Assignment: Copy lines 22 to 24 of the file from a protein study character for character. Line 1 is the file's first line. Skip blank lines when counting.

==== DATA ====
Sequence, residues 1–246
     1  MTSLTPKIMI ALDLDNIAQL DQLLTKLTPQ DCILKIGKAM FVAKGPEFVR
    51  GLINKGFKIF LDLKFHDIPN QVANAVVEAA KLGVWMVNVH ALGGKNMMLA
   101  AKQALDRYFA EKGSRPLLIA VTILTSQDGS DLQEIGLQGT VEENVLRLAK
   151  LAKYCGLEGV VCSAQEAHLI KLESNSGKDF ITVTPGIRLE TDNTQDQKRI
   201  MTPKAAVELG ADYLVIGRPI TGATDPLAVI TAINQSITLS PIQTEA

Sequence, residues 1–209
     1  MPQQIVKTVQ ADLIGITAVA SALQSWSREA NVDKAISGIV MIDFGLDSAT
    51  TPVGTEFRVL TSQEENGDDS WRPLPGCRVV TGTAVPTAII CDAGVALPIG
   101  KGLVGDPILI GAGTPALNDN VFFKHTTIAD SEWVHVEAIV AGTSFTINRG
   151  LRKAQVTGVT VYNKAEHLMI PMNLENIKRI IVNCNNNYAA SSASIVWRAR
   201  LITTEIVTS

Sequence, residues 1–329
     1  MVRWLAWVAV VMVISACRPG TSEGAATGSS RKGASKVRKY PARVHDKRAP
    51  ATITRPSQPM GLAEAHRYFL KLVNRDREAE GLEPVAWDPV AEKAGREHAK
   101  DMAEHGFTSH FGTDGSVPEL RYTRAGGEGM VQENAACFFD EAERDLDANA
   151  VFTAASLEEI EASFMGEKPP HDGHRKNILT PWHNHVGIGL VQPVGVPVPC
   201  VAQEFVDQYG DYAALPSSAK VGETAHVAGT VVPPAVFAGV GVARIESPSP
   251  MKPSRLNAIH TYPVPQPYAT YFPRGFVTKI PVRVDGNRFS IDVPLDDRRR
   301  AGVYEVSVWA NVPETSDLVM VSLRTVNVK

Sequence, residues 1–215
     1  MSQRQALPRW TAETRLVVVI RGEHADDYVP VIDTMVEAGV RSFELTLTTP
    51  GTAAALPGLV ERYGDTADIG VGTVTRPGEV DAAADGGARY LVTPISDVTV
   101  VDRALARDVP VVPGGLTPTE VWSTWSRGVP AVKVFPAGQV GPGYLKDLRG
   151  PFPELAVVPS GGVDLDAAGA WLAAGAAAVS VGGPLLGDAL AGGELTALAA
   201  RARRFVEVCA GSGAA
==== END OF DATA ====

     1  MSQRQALPRW TAETRLVVVI RGEHADDYVP VIDTMVEAGV RSFELTLTTP
    51  GTAAALPGLV ERYGDTADIG VGTVTRPGEV DAAADGGARY LVTPISDVTV
   101  VDRALARDVP VVPGGLTPTE VWSTWSRGVP AVKVFPAGQV GPGYLKDLRG